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American Fancy: Exuberance in the Arts 1790-1840

December 4, 2004 - March 20, 2005

 

 

(above: Fireman's hat, ca.1850, probably Philadelphia, painted and gilt felt. The Colonial Williamsburg Foundation, The Abby Aldrich Rockefeller Folk Art Museum)

 

The Maryland Historical Society hosts the groundbreaking exhibition American Fancy: Exuberance in the Arts, 1790 - 1840 December 4, 2004 through March 20, 2005. Curated by Sumpter Priddy III, American Fancy brings together, for the first time, many of the finest objects of the 19th century artistic movement known as "Fancy" from some of the nation's leading museums and private collections, including the Maryland Historical Society. (right: Jug [cat's eye, England, ca. 1835], slip-cast and slip decorated earthenware. Private Collection)

American Fancy captivates audiences with more than 200 examples of the visually stimulating, ornately patterned, and engaging fine arts and domestic objects embodying the "Fancy" style. Characterized by light, color, motion, novelty, variety, and wit, the style identifies its relationship with important cultural developments and beliefs in early 19th-century America. Fancy objects in the exhibition include furniture, ceramics, textiles, metals, glass, paintings, and prints purposefully designed to stimulate the senses, stir the emotion, and please the eye.

Of the more than 60 pieces of Fancy furniture in the exhibition, visitors will find several brilliantly-colored painted furniture pieces produced by John and Hugh Finlay (Baltimore 1805-1820) from the Maryland Historical Society collection. The spirited textiles in the American Fancy exhibition also include an early 19th Kaleidoscope quilt from the Maryland Historical Society collection, further emphasizing the state's role in this new and exciting era of consumer culture.

 

History of Fancy

The early 19th century was an age in which the delights of the imagination held sway over popular taste. Young America was fascinated with the visual and its application to everyday objects. This fascination led to a dramatic and widespread aesthetic change-an outburst of creativity and desire to make the objects of everyday life visually and emotionally engaging and expressive."Fancy" objects, decorated with bold patterns, brilliant colors, and animated forms, were used in nearly every aspect of life -- from domestic baking tools to public parade uniforms and shop signs. While scholars have often categorized these colorful and playful artifacts as "folk art," American Fancy examines these goods as part of mainstream, urban, upper- and middle-class style and material culture. Furniture, ceramics, textiles, metals, glass and paintings, were purposefully designed to activate the senses and express distinct literary, philosophic, and political views. (left: Side chair, 1815, John and Hugh Finlay, Baltimore, painted poplar, maple and walnut. Lent by the MD Historical Society)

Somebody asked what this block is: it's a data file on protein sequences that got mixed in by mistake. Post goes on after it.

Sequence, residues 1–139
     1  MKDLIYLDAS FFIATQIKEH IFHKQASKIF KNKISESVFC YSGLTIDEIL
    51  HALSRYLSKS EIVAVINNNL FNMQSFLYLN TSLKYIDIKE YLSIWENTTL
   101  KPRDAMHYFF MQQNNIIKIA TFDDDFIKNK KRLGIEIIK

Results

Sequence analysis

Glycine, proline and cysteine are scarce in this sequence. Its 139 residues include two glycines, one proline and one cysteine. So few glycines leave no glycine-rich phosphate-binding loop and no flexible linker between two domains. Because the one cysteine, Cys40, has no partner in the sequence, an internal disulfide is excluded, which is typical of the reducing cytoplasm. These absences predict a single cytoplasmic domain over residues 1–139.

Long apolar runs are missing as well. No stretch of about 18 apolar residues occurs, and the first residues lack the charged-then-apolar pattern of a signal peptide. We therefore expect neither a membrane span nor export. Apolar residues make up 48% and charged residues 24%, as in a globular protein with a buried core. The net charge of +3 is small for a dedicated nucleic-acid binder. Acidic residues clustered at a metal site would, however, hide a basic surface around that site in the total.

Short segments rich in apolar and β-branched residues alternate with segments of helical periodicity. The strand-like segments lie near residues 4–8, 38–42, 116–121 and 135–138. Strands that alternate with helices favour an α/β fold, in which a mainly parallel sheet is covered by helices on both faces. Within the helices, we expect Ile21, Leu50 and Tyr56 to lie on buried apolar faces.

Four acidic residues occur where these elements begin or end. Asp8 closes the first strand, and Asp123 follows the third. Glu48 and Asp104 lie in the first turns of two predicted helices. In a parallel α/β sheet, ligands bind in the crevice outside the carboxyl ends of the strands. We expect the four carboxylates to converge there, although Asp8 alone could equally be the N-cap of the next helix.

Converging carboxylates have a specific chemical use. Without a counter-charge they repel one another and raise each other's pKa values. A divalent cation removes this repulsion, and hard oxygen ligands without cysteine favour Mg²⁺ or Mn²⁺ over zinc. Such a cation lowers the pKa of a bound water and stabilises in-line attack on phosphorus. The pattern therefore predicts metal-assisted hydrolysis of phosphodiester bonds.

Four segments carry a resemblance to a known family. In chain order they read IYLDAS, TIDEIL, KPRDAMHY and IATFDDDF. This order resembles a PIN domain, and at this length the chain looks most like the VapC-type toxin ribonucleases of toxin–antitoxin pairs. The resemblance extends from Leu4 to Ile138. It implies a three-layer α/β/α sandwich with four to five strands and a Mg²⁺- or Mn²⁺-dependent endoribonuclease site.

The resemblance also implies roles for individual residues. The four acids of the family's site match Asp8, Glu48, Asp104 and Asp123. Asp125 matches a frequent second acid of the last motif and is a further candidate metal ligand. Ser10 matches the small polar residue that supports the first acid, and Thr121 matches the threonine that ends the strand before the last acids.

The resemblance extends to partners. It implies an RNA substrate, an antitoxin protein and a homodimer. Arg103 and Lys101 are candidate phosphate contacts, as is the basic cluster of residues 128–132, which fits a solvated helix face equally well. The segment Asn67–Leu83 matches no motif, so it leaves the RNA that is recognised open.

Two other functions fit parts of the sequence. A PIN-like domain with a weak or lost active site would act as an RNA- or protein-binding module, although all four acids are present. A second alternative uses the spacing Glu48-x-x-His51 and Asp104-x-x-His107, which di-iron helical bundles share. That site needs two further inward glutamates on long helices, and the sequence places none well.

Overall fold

Exhibition Highlights

The exhibition's innovative design does more than display historic decorative arts; it captures the feeling of the era and allows the audience to experience the spirit of "Fancy". American Fancy begins with a presentation of the style's 18th-century philosophical origins, before the concepts were translated into goods in the 19th century, and follows the evolution of the movement as well as the reasons it ended. (right: Sumpter Priddy III, curator of American Fancy: Exuberance in the Arts, 1790-1840)

Additional topics covered include the surprising impact of the kaleidoscope on "Fancy"; the style's unparalleled role in the marketplace; and the range of decorative and sculptural techniques used by makers of "Fancy" goods. Utilizing the technology of today, the exhibition includes a specially constructed audio-visual theater and two media stations to provide an interactive experience for visitors.

 

Exhibition Background

Curated by Sumpter Priddy III and organized by the Milwaukee Art Museum in collaboration with the Chipstone Foundation, the project, including the exhibition and the accompanying publication, is the result of Priddy's 25-year study of "Fancy".

The exhibition is complemented by a 250-page, full-color book, American Fancy: Exuberance in the Arts, 1790-1840, by Sumpter Priddy III and published by the Chipstone Foundation, which is available at the Maryland Historical Society Museum Shop. The Maryland Historical Society is the last of three venues for the national traveling exhibition. (left: front cover, American Fancy: Exuberance in the Arts, 1790-1840, by Sumpter Priddy III)

 

Editor's note: RL readers may also enjoy these earlier articles on American Fancy:

and this article concerning the Chipstone Foundation:

American Furniture provides full text of articles for the years 1993-1996 from the Chipstone Foundation.

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